New Algorithm Maps Beatles’ Musical Progression

Courtesy of beatlesradio.com
Courtesy of beatlesradio.com

Fans and critics of The Beatles know that the Fab Four’s music underwent drastic changes within short periods of time, their sound continually evolving over the span of their music career together (and on into their solo careers as well). A new algorithm developed by computer scientists at Lawrence Technological University has the ability to analyze and compare musical styles, which give the artificial intelligence the capacity to investigate into The Beatles’ musical progression.  

First, the algorithm converts each song into a spectrogram (a visual representation of the audio content), which then turns an audio analysis task into an image analysis problem. Aural to visual. The problem is then solved by applying further algorithms that make each music spectrogram a set of nearly 3,000 numeric descriptors. These numeric descriptors reflect more visual aspects, like shapes, textures, and the distribution of pixels. The artificial intelligence then uses statistical methods and pattern recognition to reveal and quantify similarities between various pieces of music.

Developed by Assistant Professor Lior Shamir and graduate student Joe George, who had previously developed audio analysis technology to study the vocal communication of whales, the team expanded the algorithm to analyze the albums of the Beatles. Their study also included other famous bands such as Queen, U2, ABBA and Tears for Fears. LTU’s team analyzed 11 songs from each of the 13 Beatles studio albums released in Great Britain. Similarities between each song were then quantified. Results from the study of individual songs were then used to compare the similarities between complete albums. The results of the study were published in the journal Pattern Recognition Letters, the conclusion being that the structure of the Beatles music does indeed change progressively from one album to the next. A detailed description of the study’s results can be viewed on LTU’s news webpage.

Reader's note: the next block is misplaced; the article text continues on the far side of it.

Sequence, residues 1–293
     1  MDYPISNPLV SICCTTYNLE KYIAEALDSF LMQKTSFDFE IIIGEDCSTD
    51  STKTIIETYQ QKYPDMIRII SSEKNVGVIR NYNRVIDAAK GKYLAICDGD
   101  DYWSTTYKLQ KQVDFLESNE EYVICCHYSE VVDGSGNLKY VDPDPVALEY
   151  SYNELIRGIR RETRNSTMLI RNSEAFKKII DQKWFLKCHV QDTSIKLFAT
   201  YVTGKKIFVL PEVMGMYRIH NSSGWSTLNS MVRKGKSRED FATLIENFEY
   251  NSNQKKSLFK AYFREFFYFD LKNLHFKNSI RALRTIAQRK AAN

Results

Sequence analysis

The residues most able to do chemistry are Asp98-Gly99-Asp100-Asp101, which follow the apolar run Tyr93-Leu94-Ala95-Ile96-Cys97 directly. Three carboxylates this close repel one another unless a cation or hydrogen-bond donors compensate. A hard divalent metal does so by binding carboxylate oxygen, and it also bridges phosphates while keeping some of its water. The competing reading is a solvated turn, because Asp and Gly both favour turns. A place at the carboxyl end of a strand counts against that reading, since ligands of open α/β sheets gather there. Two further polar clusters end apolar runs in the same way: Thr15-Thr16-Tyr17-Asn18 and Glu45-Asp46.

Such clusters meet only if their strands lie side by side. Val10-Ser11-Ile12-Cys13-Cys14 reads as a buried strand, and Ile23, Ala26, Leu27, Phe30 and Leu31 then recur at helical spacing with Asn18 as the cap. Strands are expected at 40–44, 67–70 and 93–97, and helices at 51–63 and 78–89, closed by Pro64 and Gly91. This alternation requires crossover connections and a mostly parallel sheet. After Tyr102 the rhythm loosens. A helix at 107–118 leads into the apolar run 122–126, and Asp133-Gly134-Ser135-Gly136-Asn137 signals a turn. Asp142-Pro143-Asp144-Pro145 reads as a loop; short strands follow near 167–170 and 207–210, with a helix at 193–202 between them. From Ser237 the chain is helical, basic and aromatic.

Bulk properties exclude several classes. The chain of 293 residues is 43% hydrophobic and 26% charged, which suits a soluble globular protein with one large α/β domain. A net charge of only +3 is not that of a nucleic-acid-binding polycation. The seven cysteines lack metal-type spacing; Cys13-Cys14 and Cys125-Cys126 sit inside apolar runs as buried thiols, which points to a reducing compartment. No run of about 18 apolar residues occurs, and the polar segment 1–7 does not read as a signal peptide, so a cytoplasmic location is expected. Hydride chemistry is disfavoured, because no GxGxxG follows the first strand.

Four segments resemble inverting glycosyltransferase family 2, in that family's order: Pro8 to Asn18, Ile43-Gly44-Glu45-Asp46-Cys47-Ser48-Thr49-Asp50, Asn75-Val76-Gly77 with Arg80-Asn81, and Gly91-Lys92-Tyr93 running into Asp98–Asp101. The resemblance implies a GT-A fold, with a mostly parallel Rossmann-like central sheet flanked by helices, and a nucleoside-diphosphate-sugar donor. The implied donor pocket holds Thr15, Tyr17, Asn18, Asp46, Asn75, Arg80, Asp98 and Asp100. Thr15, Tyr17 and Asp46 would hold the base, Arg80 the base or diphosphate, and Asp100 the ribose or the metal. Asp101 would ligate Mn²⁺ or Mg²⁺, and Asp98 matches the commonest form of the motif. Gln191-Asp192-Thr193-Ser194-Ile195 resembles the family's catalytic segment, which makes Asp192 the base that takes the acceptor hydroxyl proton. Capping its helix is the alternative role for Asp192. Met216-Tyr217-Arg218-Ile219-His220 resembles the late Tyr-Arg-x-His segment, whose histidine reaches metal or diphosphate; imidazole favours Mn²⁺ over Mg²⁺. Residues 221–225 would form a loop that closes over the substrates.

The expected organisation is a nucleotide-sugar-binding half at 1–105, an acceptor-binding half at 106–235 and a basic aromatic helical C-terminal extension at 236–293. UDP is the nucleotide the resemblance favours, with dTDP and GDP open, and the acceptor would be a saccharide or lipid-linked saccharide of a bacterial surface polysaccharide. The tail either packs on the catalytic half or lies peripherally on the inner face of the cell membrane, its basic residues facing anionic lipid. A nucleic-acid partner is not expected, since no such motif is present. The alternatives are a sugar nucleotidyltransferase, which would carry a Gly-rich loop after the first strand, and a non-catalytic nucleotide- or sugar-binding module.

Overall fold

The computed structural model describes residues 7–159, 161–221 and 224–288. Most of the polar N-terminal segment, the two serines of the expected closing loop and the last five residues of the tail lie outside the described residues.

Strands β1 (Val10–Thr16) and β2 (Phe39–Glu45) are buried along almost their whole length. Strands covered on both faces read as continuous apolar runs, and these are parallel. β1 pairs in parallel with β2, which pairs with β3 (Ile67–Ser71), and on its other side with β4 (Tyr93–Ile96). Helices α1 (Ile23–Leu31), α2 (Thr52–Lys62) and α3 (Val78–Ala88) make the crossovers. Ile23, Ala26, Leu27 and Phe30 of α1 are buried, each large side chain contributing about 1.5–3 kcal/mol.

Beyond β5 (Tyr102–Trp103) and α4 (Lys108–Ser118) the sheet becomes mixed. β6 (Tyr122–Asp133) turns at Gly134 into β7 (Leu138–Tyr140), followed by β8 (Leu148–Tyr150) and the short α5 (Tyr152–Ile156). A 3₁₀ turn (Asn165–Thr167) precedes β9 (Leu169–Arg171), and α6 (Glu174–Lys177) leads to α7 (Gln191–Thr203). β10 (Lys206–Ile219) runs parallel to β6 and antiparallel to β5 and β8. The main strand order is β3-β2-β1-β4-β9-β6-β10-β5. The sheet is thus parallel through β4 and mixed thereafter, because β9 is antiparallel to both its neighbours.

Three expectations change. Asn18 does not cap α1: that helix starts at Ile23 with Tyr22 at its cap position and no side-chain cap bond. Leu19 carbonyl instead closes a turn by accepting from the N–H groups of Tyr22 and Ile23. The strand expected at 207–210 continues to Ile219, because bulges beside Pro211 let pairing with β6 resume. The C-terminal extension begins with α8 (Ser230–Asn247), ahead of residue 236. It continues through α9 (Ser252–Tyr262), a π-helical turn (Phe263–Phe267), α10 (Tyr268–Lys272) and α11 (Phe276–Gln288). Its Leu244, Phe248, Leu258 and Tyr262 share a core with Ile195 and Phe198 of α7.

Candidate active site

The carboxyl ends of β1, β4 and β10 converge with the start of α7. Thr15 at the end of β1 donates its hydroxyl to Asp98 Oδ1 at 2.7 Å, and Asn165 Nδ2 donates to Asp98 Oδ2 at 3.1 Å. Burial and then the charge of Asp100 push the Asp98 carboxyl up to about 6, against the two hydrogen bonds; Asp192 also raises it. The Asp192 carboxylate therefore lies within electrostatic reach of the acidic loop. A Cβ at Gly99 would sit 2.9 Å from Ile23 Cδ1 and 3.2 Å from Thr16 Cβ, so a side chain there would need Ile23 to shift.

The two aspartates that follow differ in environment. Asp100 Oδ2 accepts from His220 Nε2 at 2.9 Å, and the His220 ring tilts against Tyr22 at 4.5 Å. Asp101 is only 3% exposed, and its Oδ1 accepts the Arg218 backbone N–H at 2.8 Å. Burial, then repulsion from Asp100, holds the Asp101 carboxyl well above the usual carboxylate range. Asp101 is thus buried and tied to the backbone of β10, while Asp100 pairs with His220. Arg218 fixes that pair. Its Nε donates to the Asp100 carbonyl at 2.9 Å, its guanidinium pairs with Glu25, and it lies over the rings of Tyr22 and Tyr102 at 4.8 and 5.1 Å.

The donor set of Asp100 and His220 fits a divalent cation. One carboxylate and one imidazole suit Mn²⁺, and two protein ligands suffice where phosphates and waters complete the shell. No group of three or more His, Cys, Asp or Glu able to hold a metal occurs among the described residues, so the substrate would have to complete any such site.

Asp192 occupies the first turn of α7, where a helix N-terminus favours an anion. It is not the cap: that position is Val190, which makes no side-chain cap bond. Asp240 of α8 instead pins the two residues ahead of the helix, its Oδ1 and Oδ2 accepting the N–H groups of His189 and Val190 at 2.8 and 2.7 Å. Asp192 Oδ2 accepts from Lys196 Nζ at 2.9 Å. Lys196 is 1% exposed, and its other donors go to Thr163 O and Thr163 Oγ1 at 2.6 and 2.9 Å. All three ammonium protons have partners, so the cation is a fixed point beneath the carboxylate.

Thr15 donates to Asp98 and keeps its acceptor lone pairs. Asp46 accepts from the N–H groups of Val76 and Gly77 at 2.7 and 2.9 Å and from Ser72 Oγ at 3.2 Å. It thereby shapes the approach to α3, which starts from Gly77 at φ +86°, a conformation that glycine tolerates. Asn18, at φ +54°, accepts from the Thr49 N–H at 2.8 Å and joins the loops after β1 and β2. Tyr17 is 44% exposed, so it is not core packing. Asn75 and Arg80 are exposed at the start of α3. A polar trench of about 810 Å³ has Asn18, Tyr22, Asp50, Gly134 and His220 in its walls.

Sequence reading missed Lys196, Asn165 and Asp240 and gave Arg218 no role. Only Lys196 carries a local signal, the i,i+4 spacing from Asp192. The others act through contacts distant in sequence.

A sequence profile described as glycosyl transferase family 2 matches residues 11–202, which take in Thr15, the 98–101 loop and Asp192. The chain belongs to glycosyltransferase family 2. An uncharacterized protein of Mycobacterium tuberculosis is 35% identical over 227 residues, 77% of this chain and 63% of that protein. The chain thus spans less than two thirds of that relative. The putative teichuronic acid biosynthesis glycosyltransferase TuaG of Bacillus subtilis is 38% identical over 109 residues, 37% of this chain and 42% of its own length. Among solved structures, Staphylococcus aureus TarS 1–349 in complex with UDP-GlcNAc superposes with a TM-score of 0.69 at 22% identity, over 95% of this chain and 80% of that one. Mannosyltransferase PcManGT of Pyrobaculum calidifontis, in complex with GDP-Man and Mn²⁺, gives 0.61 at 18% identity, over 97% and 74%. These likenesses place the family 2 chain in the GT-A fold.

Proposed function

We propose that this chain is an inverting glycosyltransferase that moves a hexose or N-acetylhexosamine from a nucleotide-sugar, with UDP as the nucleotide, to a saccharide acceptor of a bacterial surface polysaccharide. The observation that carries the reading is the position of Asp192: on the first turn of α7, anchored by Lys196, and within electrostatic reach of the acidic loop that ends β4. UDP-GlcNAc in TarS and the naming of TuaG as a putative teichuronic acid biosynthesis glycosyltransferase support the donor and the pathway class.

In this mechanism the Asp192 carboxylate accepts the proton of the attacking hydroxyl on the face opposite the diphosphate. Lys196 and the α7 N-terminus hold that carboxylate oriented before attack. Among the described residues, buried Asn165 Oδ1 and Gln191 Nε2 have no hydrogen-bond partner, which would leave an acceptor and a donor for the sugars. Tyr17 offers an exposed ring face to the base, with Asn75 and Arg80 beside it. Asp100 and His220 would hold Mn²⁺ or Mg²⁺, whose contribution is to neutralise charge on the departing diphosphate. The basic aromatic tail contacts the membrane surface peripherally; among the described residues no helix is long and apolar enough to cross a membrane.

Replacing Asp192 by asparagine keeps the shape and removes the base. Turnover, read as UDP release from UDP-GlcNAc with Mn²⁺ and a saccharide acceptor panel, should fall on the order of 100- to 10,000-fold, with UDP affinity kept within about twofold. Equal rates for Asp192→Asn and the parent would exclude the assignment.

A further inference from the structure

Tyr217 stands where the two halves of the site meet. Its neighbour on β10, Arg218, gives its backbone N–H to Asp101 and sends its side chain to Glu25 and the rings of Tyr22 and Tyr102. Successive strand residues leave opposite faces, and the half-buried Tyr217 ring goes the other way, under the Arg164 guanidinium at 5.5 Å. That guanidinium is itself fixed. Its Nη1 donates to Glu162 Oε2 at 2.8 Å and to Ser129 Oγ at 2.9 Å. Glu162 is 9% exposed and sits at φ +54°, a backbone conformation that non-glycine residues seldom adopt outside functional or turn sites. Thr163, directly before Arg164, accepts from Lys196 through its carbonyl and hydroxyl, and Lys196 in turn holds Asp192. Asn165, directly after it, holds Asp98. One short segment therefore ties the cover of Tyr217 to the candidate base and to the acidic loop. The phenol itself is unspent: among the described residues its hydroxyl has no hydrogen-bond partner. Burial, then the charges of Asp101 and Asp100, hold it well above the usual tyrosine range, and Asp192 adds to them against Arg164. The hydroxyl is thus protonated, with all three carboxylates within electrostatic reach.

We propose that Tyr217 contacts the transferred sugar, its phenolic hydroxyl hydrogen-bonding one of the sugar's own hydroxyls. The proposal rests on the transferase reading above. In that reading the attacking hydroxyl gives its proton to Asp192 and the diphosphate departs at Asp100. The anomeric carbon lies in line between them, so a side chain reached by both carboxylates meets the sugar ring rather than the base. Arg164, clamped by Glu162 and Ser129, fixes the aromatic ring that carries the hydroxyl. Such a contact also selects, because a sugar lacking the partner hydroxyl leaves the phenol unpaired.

The significance of this study is historical to say the least. In the future, it might be used to help determine why some music lives on while other music evolves into something unrecognizable, or simply disappears almost entirely from music culture. It could very soon be used to aid searching, browsing, and organizing large music databases, as well as identifying music that matches an individual listener’s musical preferences. Anyone interested in what makes music distinctive (and appealing to the masses) would be intrigued by this new algorithm’s potential.

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